News for the Hospitality Executive
PKF Revises Forecast to Reflect Acceleration
of Economic Downturn
|ATLANTA, Ga., October 28, 2008 – The downward gravitational
pull on the national economy resulting from extraordinary financial events
currently playing out on Wall Street and in Washington has prompted PKF
Hospitality Research (PKF-HR) to revise downward its hotel industry forecast
for 2009 issued September 2008. The company is now expecting RevPAR
and profit declines of 4.3 percent and 7.9 percent, respectively, for U.S.
hoteliers in 2009, according to its updated forecast.
The new forecast reflects research reported by Smith Travel Research (STR) in September that projects a 5.9 percent drop in occupancy and weak average daily rate growth, which PKF believes is just the beginning of an even greater protracted decline expected for the industry. Mark Woodworth, president of PKF-HR, in a special update released today, noted that “the speed and severity of the downturn in the national economy, both that which has already occurred, and that which is anticipated for the year ahead, has vastly exceeded our previous expectations. Thus, for only the second time since the events of 9/11, we feel that a mid-term update is warranted.”
The projected deterioration in industry performance will be driven primarily by a 1.5 percent decline in 2009 lodging demand, aggravated by a 3.0 percent rise in supply. Given the increased competitive market conditions, U.S. hoteliers will only be able to raise their room rates by a mere 0.1 percent next year. The net result will be a 4.3 percent drop in RevPAR. PKF-HR now forecasts that the average U.S. hotel will suffer a 7.9 percent decline in profits in 2009.
These findings are included in a special update of the third quarter 2008 edition of Hotel HorizonsSM released in September 2008, and were driven by the recent downgrade from Moody’s Economy.com (Moody’s). Hotel HorizonsSM is PKF-HR’s quarterly forecast report for the U.S. lodging industry. The updated forecast was prepared by PKF-HR in response to recent unprecedented economic news and events.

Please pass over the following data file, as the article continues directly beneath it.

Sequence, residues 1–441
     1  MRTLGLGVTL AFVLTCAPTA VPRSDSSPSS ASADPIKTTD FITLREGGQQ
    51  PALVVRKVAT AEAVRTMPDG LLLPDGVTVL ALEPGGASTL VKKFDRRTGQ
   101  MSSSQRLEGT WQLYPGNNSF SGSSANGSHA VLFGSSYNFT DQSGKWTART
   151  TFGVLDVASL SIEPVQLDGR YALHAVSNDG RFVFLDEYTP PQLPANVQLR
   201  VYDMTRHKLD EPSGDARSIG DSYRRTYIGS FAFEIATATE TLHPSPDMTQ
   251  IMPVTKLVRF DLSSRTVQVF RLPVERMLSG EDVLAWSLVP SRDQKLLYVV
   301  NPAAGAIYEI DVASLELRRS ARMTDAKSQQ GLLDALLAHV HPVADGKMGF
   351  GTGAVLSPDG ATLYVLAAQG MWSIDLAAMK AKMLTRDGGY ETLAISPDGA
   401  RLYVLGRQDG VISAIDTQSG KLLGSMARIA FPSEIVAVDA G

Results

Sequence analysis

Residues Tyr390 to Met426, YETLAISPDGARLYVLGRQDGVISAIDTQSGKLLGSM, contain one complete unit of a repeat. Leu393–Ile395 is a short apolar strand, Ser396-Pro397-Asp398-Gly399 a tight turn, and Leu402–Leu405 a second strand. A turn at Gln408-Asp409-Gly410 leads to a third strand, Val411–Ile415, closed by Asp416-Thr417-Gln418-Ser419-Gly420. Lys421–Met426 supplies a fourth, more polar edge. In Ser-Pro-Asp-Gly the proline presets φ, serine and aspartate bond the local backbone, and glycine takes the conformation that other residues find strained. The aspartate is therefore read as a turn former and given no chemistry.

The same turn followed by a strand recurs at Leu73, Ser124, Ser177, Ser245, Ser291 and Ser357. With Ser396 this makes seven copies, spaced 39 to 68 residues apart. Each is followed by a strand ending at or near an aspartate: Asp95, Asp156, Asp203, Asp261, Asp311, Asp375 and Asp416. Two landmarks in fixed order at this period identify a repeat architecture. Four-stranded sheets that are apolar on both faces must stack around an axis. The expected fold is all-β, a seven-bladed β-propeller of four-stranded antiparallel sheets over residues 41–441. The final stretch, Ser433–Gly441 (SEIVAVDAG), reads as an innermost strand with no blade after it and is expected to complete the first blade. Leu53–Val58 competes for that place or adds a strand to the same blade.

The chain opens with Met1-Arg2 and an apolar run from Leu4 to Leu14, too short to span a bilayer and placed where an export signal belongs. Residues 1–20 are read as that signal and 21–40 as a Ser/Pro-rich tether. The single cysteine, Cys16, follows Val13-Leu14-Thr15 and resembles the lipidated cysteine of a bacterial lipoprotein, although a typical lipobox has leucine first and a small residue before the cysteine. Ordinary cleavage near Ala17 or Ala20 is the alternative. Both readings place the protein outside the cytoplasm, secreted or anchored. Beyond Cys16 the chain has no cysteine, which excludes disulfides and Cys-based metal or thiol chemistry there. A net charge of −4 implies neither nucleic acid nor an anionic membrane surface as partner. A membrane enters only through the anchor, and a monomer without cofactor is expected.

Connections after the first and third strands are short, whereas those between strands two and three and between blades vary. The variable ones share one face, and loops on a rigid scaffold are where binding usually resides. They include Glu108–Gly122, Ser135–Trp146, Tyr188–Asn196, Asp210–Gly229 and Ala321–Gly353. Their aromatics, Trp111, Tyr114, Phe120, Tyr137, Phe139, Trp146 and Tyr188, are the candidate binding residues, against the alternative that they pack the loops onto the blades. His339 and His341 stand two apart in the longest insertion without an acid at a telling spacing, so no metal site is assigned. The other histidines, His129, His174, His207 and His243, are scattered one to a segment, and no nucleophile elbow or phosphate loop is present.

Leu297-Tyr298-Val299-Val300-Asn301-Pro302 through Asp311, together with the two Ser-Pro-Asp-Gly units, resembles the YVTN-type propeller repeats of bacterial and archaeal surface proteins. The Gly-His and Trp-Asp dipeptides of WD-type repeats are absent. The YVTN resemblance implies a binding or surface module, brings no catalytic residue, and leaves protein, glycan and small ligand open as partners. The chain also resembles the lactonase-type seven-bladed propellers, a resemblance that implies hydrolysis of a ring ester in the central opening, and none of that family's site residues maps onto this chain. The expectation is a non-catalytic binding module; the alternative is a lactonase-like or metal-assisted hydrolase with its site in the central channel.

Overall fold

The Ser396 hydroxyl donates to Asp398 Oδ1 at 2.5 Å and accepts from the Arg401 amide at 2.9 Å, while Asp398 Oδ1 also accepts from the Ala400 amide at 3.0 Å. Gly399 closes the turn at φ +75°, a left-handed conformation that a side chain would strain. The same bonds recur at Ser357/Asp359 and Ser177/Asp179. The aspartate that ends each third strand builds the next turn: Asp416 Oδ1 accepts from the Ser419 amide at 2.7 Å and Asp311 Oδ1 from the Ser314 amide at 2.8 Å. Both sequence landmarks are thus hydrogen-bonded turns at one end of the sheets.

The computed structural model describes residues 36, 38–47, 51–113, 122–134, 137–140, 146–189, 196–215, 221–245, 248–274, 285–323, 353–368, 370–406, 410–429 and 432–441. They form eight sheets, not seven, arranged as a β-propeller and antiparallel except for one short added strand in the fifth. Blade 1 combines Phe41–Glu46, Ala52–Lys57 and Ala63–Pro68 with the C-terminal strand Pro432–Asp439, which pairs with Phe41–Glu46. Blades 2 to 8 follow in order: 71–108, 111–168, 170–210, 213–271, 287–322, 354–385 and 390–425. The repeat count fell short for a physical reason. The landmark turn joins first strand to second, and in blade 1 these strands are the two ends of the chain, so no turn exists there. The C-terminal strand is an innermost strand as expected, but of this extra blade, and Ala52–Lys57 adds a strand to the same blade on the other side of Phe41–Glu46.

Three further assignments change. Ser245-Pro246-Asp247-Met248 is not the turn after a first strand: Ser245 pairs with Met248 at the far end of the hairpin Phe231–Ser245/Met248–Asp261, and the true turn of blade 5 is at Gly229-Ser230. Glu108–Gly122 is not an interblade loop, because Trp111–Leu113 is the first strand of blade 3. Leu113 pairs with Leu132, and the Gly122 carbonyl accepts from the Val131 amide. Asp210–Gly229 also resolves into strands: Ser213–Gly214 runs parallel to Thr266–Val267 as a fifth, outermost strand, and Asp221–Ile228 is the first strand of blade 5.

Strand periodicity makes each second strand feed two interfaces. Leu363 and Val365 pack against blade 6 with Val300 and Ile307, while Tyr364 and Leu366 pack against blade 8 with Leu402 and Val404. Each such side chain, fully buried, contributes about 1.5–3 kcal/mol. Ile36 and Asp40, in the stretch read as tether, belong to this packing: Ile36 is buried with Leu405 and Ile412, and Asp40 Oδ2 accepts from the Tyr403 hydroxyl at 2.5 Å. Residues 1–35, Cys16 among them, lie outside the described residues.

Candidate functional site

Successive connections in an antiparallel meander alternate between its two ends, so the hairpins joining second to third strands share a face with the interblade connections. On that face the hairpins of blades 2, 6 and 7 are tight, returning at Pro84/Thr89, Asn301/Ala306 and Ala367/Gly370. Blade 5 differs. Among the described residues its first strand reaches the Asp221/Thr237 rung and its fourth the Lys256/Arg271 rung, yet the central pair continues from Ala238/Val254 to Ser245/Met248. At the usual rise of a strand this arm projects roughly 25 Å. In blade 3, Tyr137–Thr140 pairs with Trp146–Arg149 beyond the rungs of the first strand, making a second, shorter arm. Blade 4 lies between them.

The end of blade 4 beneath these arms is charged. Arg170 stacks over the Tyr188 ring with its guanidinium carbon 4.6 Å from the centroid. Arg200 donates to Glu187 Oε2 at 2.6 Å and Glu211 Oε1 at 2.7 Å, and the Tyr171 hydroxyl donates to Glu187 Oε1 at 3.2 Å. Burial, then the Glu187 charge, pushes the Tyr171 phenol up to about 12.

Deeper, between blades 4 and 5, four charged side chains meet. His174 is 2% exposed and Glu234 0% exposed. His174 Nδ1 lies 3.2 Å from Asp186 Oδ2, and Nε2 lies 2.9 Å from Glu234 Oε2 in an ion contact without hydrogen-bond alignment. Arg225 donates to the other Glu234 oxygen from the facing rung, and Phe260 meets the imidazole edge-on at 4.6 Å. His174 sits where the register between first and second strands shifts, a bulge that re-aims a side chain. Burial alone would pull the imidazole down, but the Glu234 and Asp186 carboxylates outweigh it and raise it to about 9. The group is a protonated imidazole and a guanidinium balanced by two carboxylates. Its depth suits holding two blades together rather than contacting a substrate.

The magnitude of the decline in hotel profits forecast by PKF-HR as recently as September has more than doubled since then. “Our outlook for the U.S. lodging industry has deteriorated dramatically in a fairly short period of time,” Woodworth said. “We were pessimistic this past summer when we forecast a 3.0 percent decline in profits. Our view now appears optimistic as we consider the revised economic environment being painted for the remainder of 2008 and into 2009. It’s not the depth of the upcoming lodging industry recession that concerns us. It is how fast market conditions have weakened, and the rapidly changing outlook for the nation’s economy. Uncertainty is the greatest bugaboo. One need look no further than the recent performance of the stock market to realize the level of uncertainty, and resulting volatility, that exists today.”
PKF-HR’s Hotel HorizonsSM forecasting model is driven by historical hotel performance data provided by STR and economic forecasts produced by Moody’s. During the month of October, Moody’s adjusted their economic forecasts for 2009. The revisions encompass a 0.9 percent downward adjustment in total personal income, along with a 1.2 percent downward adjustment to employment. The Hotel HorizonsSM model relies on employment and income as the two primary drivers of lodging demand.
Mark Zandi, chief economist and co-founder of Moody's Economy.com, was recently reported as saying, “The job market has eroded measurably, and industrial production has weakened sharply in the last couple of months. Those are the two key things. Retail sales have also sharply weakened.”
Jack Corgel, the Robert C. Baker Professor of Real Estate at the School of Hotel Administration at Cornell University and senior advisor to PKF-HR, commented on the current industry outlook. “In the current environment, all prices are falling: room rates, other revenues, profits and, ultimately, values” Corgel noted. “The decline in profits, combined with the scarcity of debt and overall level of market volatility, has clearly created downward pressure on asset values. These are conditions that will likely persist well into 2010. That being said, savvy investors and opportunistic lending sources will emerge in the near term, and money will be made.”
New York Down, But Not Out; All Markets to Lose RevPAR
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